The outcome of Microsoft’s 5 ½ month pursuit of Yahoo is still to be determined. The company made another proposal to buy just Yahoo’s search business last weekend. It was promptly rejected, and both sides have squabbled in the media about the details and motivations of the offer.
Yahoo’s Aug. 1 shareholder meeting could be decisive if the company’s investors elect a board amenable to a Microsoft deal.
Meanwhile, Liddell sought to address investor concerns about where the incremental spending is going. To start, he said, the short-term investments give the company the opportunity to participate in an online advertising market Microsoft expects to be worth $80 billion by 2012.
“This area represents one of the largest growth opportunities for the company,” he said.
Specifically, Microsoft wants to drive increased awareness and search traffic to its Live Search engine; continue building its advertising platform; improve communications and social-networking tools across the phone, PC and Web; and enhance its MSN portal.
He said success will be measured by overall advertising revenue, as well as the company’s ability to hit “aggressive growth targets” in the next five to 10 years for Microsoft’s share of Internet searches and worldwide page views, among other things. He didn’t say what those targets were.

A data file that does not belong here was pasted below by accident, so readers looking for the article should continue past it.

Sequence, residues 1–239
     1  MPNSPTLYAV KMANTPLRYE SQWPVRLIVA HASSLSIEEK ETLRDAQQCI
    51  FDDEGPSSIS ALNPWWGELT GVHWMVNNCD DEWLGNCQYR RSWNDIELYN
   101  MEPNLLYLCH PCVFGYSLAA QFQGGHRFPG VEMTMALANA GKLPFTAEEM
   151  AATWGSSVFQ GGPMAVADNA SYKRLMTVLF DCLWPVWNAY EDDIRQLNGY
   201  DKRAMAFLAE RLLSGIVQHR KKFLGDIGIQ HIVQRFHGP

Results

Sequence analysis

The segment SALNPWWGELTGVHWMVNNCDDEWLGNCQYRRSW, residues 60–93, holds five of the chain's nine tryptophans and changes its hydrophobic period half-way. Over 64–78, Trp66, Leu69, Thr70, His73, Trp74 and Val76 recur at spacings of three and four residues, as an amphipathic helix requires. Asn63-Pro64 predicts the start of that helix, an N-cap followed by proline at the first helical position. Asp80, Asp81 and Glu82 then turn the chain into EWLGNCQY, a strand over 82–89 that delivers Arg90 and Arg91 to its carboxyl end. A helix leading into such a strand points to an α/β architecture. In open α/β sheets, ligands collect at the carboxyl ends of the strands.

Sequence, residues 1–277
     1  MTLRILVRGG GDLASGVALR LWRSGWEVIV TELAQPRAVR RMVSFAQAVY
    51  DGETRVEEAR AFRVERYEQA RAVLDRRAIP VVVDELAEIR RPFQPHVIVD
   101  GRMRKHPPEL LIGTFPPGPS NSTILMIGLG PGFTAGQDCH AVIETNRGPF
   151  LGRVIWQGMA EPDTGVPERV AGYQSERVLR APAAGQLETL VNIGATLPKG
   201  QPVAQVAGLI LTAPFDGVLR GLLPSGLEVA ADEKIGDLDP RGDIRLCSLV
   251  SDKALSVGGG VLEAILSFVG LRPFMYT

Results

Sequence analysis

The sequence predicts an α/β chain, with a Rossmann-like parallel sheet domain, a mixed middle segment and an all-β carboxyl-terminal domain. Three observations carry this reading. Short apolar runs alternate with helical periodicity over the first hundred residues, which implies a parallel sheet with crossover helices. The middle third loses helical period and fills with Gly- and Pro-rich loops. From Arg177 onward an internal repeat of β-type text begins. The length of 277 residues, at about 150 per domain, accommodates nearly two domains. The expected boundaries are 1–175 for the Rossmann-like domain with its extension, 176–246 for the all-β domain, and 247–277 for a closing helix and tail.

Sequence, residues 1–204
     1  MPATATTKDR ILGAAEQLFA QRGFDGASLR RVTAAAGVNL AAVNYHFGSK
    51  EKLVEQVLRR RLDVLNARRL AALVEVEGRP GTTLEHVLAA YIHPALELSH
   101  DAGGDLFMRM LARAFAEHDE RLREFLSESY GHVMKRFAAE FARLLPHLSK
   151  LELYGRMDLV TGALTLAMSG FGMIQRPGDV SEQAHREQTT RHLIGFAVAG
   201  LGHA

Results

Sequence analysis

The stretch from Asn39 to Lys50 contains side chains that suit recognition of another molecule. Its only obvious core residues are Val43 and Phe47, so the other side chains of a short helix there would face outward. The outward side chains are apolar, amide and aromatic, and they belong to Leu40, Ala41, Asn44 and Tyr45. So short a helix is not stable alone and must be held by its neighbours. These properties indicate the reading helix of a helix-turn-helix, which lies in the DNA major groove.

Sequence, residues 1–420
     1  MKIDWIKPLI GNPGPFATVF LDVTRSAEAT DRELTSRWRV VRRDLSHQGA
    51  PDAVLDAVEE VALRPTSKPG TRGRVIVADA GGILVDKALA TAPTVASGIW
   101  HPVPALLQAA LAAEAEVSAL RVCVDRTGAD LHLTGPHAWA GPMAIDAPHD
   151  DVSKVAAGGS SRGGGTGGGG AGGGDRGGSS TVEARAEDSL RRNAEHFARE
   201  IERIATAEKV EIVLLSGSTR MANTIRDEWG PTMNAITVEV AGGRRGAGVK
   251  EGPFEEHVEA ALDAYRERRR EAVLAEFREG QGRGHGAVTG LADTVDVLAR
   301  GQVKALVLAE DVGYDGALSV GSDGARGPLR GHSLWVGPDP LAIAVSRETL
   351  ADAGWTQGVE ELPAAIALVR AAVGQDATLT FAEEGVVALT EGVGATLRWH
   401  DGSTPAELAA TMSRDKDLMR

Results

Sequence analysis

Di Bona said the explanation was a start, but he expects to hear more at Microsoft’s annual Financial Analyst Meeting on Thursday.
“With the stock where it is and obviously the investor skepticism that’s embedded in that stock price, I think they need to be fairly explicit,” he said.
While Microsoft dialed back its full-year profit forecast by a penny to between $2.12 and $2.18 a share, reflecting the increased spending, the company actually increased its sales expectations to between $67.3 billion to $68.1 billion. Liddell gave little indication that Microsoft expects trouble in the U.S. economy to hinder sales.
Microsoft’s fourth-quarter result resembled the forecast for the current fiscal year.
Sales were strong in the core businesses, with client revenue of $4.37 billion, up 15 percent from a year ago, and Windows Vista hitting 180 million licenses in the market. That put to rest some concerns about Vista after Microsoft’s fiscal third quarter report in April.
The company’s server business had its 24th consecutive quarter of double-digit growth, turning in $3.74 billion in operating income.
But profit was slowed by spending, and by the slimmer margins on its Xbox 360 and consulting businesses.
The Entertainment and Devices Division, which produces the Xbox 360, met its goal of profitability with operating income of $426 million for the full fiscal year, a first. But the company stumbled to the finish with a $188 million loss in the quarter.
Microsoft also bought back $5 billion of its stock in the quarter and accelerating the pace of hiring.
Colleen Healy, investor-relations manager, said about half of the operating-expense increases in the fourth quarter, about $250 million, went to aggressive recruiting.
Benjamin J. Romano: 206-464-2149 or firstname.lastname@example.org